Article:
AMD Phenom II X6 1090T 6-Core Processor Review
New Feature: Turbo CORE
Although the new Phenom II X6 1090T has two more cores than previous Phenom II X4 processors, the executions cores themselves are largely unchanged; there are just more of them in the X6. However, with this new generation of processors, AMD is introducing a new feature dubbed Turbo CORE.
Since the introduction of their Nehalem microarchitecture, Intel's processors have been outfitted with a feature called Turbo Boost that in essence overclocked one or more of the processor's cores under certain workload conditions, power and thermals permitting. Turbo Boost afforded the processors the ability to enhance the performance of lightly-threaded workloads by increasing the performance of active cores, while inactive cores remained idle. AMD's new Turbo CORE technology functions in a similar way.
AMD's Turbo CORE technology automatically increases the frequency of three active CPU cores by up to 500MHz, without the need for any special software or drivers. The technology will be enabled on Phenom II X6 processors and will work with all AM3-based motherboards after a BIOS update. The Phenom II X6 1090T we tested has a peak Turbo CORE frequency of 3.6GHz, while the 1055T which is arriving today maxes out at 3.3GHz.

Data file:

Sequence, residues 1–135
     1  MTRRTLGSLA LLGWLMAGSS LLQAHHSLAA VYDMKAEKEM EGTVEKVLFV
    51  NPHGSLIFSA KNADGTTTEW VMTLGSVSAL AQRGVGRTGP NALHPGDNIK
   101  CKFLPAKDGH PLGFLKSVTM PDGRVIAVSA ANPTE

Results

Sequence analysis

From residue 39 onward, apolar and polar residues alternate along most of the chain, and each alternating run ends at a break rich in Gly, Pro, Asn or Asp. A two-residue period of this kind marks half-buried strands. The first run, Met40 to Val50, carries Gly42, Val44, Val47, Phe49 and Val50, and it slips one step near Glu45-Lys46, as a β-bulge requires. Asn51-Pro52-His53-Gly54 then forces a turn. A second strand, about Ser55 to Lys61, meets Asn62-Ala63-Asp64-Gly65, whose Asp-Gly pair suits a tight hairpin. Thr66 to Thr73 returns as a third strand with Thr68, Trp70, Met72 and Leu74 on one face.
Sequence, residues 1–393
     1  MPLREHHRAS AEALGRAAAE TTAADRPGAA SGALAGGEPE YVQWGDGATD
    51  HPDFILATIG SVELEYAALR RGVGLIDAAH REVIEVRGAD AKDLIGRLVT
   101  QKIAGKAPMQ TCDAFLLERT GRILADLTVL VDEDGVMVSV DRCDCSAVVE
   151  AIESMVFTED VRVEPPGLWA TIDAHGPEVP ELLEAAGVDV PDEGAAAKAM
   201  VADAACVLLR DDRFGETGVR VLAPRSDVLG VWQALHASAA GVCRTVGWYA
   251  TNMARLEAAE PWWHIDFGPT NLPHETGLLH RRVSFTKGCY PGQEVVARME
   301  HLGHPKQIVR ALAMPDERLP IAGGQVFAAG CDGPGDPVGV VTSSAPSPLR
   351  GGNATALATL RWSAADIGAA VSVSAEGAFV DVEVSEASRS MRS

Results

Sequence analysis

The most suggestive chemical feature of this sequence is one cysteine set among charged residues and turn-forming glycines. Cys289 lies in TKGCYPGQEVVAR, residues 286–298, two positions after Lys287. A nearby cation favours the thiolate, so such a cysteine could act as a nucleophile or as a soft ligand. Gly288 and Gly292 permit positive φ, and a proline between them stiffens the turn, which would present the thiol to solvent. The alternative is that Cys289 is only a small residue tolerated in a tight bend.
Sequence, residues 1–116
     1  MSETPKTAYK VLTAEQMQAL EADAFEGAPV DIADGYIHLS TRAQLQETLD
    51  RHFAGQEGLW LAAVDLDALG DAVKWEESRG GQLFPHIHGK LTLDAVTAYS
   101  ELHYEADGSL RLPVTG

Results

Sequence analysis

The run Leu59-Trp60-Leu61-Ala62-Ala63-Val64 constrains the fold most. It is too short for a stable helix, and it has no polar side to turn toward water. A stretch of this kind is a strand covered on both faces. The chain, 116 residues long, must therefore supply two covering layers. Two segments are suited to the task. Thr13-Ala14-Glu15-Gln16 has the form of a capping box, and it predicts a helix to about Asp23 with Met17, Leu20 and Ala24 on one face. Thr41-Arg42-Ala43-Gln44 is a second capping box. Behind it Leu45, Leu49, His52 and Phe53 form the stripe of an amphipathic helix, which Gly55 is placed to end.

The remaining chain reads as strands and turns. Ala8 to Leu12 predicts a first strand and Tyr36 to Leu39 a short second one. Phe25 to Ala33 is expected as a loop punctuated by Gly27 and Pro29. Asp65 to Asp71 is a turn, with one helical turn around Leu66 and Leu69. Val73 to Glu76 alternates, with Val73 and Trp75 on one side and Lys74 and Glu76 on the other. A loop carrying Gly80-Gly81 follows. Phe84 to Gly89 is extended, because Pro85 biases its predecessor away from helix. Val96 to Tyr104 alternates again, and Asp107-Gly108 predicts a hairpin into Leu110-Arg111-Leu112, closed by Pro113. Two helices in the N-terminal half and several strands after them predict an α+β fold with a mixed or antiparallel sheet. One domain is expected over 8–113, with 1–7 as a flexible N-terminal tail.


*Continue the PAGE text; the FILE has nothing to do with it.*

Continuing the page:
Turbo CORE technology works by putting three cores into a boost-enabled P-state when power consumption is below the processor's rated TDP. Being in the boost-enabled P-state doesn't necessarily mean the three cores are overclocked by 500MHz immediately, but rather that they are ready to have their frequencies increased based on the processing workload. When Turbo CORE is active, Cool 'n' Quiet still functions, so each core could be operating at anywhere up to that maximum clock, but is not necessarily at the absolute maximum. And the individual cores don't necessarily have to be operating at the same frequency either. Essentially, when three or more of a Phenom II X6's six cores are at low or no utilization, the processor determines that it is in a boost-eligible state, and the active cores are put into a Turbo-enabled state to increase performance. According to AMD, the active cores must be in a software P0 state for transition to boost and the processors will fully utilize available TDP budget to maximize performance, while remaining within electrical limits.